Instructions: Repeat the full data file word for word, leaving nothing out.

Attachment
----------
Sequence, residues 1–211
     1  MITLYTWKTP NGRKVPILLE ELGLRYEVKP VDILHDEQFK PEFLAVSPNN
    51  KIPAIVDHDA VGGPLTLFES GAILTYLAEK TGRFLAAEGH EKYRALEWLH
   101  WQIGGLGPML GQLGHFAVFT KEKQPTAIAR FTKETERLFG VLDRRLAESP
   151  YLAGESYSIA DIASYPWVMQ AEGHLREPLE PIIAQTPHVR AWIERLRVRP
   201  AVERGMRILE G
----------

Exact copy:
Sequence, residues 1–211
     1  MITLYTWKTP NGRKVPILLE ELGLRYEVKP VDILHDEQFK PEFLAVSPNN
    51  KIPAIVDHDA VGGPLTLFES GAILTYLAEK TGRFLAAEGH EKYRALEWLH
   101  WQIGGLGPML GQLGHFAVFT KEKQPTAIAR FTKETERLFG VLDRRLAESP
   151  YLAGESYSIA DIASYPWVMQ AEGHLREPLE PIIAQTPHVR AWIERLRVRP
   201  AVERGMRILE G